Trade and Employment: The Case of Denmark and Spain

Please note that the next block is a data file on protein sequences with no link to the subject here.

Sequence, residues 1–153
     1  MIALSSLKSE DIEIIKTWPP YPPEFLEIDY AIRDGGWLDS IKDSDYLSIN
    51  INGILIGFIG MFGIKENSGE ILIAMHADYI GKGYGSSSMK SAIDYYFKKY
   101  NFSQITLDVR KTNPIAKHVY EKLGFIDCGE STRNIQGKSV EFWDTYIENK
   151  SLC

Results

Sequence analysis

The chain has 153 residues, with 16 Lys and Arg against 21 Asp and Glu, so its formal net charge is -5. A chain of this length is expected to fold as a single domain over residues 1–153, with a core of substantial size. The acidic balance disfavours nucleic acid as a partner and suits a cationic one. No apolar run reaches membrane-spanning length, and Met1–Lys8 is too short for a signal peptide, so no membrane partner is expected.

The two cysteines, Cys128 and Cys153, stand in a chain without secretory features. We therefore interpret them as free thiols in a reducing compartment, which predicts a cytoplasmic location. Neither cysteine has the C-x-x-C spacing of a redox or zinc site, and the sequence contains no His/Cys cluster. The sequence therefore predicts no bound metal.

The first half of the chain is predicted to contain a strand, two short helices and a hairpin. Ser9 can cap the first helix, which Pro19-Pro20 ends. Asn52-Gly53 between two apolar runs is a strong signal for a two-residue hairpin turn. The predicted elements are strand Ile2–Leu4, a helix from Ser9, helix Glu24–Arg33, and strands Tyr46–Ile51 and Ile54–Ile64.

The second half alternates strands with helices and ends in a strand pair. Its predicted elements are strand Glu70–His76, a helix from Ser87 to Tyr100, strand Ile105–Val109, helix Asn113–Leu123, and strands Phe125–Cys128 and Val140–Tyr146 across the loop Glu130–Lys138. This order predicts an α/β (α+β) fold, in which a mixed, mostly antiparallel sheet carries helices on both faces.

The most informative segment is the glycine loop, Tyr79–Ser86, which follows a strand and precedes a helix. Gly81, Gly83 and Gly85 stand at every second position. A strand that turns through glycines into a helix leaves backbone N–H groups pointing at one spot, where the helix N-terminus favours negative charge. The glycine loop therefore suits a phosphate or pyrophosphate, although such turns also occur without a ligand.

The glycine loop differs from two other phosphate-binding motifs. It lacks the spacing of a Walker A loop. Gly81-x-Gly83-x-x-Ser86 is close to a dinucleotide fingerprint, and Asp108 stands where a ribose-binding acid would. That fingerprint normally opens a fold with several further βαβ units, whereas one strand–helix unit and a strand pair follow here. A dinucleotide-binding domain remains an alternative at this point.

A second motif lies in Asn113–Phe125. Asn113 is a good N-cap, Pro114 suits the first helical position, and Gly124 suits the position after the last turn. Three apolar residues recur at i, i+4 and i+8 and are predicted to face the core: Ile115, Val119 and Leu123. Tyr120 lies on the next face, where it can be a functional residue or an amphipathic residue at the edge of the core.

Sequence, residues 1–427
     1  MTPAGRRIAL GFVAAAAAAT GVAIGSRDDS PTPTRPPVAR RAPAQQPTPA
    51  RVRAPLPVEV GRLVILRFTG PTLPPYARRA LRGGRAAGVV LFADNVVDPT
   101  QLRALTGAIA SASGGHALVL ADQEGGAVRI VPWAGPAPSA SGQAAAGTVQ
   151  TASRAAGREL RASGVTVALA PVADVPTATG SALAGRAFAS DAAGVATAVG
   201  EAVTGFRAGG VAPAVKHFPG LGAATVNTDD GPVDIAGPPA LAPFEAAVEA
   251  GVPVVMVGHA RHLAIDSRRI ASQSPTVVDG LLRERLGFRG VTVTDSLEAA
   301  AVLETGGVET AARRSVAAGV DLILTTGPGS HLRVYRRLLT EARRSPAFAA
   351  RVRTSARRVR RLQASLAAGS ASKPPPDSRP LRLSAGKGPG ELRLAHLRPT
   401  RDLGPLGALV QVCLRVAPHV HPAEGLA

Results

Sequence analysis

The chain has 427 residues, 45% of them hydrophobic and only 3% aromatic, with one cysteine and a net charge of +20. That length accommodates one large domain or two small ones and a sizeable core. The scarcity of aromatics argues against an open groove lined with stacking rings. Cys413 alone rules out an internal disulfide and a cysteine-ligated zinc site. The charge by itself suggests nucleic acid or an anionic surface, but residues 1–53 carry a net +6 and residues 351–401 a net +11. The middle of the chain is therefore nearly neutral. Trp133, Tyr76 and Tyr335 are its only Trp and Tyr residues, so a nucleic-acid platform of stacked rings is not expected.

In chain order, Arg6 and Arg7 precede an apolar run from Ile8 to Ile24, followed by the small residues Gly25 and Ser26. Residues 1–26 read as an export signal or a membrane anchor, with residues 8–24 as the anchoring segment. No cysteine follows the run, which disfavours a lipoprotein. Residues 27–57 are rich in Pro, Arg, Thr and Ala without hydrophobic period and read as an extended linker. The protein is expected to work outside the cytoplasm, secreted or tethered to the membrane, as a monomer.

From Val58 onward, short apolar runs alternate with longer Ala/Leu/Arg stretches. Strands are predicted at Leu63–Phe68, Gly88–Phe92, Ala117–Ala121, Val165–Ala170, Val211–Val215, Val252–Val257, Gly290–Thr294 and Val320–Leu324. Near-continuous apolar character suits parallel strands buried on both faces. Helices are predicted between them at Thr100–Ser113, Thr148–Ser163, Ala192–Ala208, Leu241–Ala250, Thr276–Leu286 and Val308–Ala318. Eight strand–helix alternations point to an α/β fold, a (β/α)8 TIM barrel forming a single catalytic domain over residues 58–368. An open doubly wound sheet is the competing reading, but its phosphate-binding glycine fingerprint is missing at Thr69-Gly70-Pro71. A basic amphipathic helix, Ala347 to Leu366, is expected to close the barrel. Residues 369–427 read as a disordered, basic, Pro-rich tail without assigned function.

Spain and Denmark are two European countries differing considerably in their development and productive structures as well as in their internationalisation process. This affects many dimensions of each economy, most notably their trade volumes, market sizes and product specialization. Spain and Denmark also differ significantly in labour market outcomes as well as in the design of labour market policies and institutions and the role they played in facilitating labour reallocation. For these reasons, it is instructive to compare them, in particular as they have demonstrated substantial labour market adjustments due to changing international economic conditions. While the results of direct comparisons cannot always be translated into policy action due to country-specific institutional settings and varying economic circumstances, comparative analysis has the potential to yield useful insights into best practices and transferrable policy lessons. With this in mind, the purpose of this paper is to consider the evolution of trade and labour market outcomes in Denmark and Spain since the early 1990s, in order to provide policy-relevant insights on the relationship between production, trade and labour markets in these countries. Special focus is given to the increased weight of some emerging economies in world trade patterns and how they have affected the trade patterns of these two European countries and their employment behaviours.
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